Patagonia Nano Puff
Warm, windproof, water-resistant and uses incredibly lightweight and is highly compressible. I don’t even know it’s in my backpack until I need it.

Patagonia Torrent Shell 3L (for colder locations)
If you’re going to a cold and wet place. Get this to wear over your Nano Puff in order to make yourself water proof. Only bring this if you are going to a place where you’ll have to wear it all day and every day.

Camera

You can easily just use your phone.

But if photography makes you weak in the knees, use a Ricoh GR III. It’s a pocketable camera with the same size sensor as most mirrorless cameras on the market.

If you want a good camera that isn’t your phone that also does video, any of the Sony RX100s are great.

If you want to get your video camera wet, use a GoPro. I use the GoPro HERO Black 9. But used the GoPro HERO 7 for the longest time.

Electronics

Convertor Plug
Depending on where you’re going in the world, you’ll need a universal adapter to plug in to.

Surge Protector
I plug this into my Convertor so I can charge multiple things at once while also protecting my gear from surges. The last thing you want is a fried laptop.

Laptop
I used to use Apple products, but not anymore. Now I prefer a 14-inch Lenovo ThinkPad X1 Carbon. It’s light and has an amazing keyboard.

Kindle
Typically, I only use my Kindle when in route somewhere on a plane, train, or car. I have the basic, paper white version which I barely have to charge.

Solar Charger
You can easily charge this with USB and setting it in the sun. Having the solar option has come in handy.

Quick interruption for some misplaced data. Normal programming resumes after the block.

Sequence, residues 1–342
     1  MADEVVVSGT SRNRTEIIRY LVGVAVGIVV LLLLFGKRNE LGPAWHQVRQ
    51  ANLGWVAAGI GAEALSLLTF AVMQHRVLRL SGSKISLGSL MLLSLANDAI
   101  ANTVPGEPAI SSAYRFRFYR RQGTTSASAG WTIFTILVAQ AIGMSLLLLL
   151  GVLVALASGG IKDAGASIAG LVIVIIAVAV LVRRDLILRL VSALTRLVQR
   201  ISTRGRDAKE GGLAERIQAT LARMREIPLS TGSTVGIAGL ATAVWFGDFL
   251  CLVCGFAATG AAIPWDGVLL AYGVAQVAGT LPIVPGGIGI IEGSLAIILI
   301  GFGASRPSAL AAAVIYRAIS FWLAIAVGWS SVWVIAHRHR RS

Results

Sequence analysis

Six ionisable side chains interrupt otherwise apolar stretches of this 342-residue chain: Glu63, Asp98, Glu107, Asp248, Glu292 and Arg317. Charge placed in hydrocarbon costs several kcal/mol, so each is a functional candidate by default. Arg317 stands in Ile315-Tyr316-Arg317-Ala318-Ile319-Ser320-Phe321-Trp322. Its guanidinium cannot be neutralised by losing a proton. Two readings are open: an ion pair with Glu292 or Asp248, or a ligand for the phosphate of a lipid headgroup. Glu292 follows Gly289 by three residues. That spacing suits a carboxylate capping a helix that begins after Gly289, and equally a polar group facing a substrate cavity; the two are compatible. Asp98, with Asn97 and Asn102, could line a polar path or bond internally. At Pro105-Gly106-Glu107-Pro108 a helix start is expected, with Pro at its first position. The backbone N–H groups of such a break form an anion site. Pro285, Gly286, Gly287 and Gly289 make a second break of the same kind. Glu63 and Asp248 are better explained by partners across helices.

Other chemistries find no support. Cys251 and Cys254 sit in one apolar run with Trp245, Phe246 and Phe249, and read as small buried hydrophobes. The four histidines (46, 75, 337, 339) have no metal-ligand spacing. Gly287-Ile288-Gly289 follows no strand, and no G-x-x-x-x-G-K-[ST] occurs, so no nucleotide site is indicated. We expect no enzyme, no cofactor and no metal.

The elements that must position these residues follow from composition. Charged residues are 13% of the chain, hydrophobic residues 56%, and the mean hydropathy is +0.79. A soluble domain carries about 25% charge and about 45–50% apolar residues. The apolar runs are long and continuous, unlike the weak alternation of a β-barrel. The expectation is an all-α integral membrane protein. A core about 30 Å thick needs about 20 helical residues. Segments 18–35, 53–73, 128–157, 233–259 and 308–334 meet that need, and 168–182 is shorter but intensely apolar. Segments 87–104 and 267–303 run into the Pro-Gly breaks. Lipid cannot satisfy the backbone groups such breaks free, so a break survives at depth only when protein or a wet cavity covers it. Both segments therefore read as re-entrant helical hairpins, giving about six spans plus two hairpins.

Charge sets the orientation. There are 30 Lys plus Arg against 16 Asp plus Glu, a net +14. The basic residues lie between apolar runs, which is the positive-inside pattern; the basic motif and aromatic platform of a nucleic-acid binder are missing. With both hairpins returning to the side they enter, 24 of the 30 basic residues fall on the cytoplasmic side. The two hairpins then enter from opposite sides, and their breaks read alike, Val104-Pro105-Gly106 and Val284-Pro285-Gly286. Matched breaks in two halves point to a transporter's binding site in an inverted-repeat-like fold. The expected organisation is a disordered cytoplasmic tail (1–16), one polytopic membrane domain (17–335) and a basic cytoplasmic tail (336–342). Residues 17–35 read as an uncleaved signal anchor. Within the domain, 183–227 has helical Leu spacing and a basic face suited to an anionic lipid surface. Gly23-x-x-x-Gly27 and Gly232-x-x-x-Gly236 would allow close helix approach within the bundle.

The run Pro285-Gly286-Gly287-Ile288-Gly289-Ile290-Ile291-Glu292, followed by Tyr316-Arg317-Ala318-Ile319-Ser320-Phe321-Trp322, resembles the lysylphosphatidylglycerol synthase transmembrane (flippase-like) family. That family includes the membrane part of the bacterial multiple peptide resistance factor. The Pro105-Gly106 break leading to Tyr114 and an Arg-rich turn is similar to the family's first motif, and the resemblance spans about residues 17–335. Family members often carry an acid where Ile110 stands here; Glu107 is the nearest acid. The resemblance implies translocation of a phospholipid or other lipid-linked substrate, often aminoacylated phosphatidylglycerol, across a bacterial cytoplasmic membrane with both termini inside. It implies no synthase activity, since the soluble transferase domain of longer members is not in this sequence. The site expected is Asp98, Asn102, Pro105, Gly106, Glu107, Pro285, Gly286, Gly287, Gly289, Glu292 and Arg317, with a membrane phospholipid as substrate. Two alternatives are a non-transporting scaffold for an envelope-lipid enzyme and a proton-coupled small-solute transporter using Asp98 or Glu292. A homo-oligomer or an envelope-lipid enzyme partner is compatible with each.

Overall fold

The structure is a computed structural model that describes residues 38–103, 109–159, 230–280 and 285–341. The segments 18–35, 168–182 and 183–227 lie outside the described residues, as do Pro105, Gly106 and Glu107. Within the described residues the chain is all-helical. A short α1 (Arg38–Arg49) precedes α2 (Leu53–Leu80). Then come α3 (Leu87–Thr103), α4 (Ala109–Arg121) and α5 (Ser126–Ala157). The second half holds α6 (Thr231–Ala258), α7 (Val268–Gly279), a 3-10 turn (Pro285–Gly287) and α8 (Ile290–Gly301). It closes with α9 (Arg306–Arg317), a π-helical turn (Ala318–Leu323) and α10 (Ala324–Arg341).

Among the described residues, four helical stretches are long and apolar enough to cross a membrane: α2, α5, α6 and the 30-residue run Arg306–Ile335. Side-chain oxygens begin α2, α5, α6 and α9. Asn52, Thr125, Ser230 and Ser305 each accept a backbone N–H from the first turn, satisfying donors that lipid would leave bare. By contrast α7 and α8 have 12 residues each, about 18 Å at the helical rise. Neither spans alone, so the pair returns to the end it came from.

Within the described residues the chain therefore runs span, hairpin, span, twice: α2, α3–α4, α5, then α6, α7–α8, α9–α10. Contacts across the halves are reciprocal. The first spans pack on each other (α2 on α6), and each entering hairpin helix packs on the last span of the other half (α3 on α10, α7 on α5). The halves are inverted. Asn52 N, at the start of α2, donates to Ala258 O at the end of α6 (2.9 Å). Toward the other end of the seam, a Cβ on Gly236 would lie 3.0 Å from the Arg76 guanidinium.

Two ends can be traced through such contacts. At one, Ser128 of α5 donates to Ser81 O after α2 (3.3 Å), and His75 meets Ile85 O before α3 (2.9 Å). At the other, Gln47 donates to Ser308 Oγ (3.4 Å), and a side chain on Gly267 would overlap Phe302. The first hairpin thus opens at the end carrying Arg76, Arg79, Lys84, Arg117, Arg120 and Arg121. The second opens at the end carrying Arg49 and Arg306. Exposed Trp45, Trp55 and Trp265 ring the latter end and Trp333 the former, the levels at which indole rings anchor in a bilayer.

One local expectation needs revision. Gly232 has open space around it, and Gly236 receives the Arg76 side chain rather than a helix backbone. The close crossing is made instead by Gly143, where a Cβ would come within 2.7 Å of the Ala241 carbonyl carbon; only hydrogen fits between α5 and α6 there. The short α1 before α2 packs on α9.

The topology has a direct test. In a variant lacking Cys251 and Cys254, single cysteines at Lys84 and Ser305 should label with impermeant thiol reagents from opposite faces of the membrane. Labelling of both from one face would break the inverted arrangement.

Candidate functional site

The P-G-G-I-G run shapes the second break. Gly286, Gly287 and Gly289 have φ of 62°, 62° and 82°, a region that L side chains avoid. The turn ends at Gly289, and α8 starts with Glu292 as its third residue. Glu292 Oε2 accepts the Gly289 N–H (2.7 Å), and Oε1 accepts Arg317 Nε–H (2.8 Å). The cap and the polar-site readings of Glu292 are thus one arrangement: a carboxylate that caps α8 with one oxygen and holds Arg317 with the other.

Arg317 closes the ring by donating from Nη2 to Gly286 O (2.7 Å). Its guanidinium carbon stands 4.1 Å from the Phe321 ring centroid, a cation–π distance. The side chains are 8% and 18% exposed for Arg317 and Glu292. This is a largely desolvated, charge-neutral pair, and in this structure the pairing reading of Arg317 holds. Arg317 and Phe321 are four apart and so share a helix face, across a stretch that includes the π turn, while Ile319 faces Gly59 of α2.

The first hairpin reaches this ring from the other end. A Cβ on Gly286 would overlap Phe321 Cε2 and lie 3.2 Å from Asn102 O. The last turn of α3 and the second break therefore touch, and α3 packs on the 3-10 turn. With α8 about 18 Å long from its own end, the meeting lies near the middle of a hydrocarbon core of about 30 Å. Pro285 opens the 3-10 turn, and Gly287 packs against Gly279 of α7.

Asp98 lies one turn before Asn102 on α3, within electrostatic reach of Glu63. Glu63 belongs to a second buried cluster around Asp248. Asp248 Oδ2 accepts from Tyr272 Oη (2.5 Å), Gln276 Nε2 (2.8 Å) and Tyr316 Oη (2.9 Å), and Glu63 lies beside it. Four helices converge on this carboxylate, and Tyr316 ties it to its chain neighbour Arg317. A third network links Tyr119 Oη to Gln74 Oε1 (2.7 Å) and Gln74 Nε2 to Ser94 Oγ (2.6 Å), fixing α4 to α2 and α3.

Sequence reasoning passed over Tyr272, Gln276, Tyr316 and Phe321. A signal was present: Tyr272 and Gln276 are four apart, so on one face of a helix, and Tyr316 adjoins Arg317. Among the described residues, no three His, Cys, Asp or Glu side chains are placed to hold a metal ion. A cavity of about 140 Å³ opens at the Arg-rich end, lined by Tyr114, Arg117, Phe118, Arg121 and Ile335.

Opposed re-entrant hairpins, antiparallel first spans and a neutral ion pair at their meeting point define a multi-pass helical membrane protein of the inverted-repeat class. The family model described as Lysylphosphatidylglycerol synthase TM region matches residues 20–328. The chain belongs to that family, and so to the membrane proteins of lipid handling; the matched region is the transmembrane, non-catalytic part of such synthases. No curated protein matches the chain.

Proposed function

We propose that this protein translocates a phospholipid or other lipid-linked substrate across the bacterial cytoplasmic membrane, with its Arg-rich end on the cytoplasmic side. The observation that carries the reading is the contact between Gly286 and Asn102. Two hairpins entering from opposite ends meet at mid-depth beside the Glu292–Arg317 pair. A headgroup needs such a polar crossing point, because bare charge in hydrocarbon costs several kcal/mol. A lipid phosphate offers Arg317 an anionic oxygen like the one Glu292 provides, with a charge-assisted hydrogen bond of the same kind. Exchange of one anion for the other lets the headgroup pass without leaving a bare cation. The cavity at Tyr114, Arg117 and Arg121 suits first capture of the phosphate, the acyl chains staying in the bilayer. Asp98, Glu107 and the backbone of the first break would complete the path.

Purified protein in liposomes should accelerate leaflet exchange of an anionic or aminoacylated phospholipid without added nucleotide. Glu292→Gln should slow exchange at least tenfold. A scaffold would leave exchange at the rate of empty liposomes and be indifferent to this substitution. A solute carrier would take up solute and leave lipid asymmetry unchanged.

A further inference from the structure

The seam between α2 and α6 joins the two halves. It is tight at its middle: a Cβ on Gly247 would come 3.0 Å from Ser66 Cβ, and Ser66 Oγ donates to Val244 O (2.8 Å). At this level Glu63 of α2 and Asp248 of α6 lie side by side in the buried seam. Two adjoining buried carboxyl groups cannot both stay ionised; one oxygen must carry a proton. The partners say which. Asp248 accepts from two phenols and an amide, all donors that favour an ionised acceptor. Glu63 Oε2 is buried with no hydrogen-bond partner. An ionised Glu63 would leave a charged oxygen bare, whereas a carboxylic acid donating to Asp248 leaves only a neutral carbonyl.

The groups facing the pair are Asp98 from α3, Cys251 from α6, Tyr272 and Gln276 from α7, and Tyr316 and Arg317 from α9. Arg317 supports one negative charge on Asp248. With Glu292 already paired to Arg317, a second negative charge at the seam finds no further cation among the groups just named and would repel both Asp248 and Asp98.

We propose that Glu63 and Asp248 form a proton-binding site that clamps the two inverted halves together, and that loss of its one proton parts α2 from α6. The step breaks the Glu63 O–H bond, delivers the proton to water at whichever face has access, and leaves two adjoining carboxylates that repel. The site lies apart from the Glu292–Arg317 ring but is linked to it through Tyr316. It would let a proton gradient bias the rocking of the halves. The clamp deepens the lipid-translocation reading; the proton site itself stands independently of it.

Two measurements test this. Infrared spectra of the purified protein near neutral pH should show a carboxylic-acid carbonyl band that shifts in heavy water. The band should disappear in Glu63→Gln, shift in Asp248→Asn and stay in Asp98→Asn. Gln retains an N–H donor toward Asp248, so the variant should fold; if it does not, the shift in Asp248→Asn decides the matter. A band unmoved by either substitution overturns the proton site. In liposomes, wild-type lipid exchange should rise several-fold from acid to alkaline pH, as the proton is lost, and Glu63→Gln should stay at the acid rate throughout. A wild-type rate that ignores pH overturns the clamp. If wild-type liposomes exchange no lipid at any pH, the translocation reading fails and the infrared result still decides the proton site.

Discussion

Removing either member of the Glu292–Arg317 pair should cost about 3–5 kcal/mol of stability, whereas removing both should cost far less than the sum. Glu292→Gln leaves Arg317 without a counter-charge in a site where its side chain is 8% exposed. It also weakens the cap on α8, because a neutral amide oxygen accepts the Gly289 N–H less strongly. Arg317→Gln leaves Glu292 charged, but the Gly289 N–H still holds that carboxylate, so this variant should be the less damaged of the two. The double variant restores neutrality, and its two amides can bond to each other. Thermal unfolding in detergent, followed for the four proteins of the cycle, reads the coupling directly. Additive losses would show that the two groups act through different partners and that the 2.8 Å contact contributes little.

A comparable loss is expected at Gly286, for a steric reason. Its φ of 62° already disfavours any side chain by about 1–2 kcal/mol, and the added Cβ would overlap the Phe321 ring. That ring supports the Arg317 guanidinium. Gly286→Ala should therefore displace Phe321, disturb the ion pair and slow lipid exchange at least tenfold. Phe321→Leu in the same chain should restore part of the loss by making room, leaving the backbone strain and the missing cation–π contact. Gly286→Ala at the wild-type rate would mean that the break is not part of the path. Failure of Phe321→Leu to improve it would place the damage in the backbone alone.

Art Supplies

Moleskine Sketchbook
I bring two Moleskine sketchbooks because it only takes me a week to fill one.

Ballpoint Pens
I only draw with Bic ballpoint pens. Which is easy for me to stash a few in my backpack.

Self Defense

Zebra Pen G-402
This is a metal ballpoint pen I love drawing with. It’s also a great self-defense tool you can easily get on planes with and carry with you anywhere.

Streamlight 250 Lumen MicroStream Pocket Flashlight
You’ll use a flashlight more than you think. I’m probably still alive because of my flashlight making me visible to oncoming traffic, spotting random bottomless holes next to sidewalks.

I’ve been in an overcrowded train station in New Delhi at night when the power went out. I turned on my flashlight, aimed it at the ceiling, and it lit up the entire train station.

Even at home in San Diego, I bring a flashlight on all my runs. Just to be seen by cars and spot the occasional skunk so I don’t get sprayed.

Also, nothing will diffuse a situation more quickly than a flashlight.

Small First Aid Pouch Kit

I bring a small waterproof pouch full of basic first aid essentials. Having all these tiny items on hand will save you time looking for a pharmacy when you’re not in the mood or condition to go to one.

This pack is small and is generally no bigger than a fat deck of cards. I’ll take this first-aid pouch and put it in my day sling, when I leave my main bag at a hotel.

I’ve used every single one of these while traveling:

  • headache and pain relief pills
  • regular sized, water proof band-aids for small cuts
  • Neosporin or any other anti-septic gel to use with the band-aids
  • superglue in case you need stitches
  • extra contact case pre-filled with solution (if you wear contacts)
  • anti-acid tablets
  • Ciprofloxacin for treating and preventing certain infections caused by bacteria. Helps with bad cases of food poisoning.
  • Badger Anti-Bug Balm Tin.
  • mini hand sanitizer
  • $20 USD in cash
  • mini LED flashlight